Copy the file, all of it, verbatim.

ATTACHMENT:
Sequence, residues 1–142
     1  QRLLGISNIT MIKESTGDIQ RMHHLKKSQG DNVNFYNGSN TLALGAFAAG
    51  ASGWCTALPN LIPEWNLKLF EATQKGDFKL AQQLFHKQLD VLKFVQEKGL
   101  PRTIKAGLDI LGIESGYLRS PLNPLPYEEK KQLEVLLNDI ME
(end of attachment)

Sequence, residues 1–142
     1  QRLLGISNIT MIKESTGDIQ RMHHLKKSQG DNVNFYNGSN TLALGAFAAG
    51  ASGWCTALPN LIPEWNLKLF EATQKGDFKL AQQLFHKQLD VLKFVQEKGL
   101  PRTIKAGLDI LGIESGYLRS PLNPLPYEEK KQLEVLLNDI ME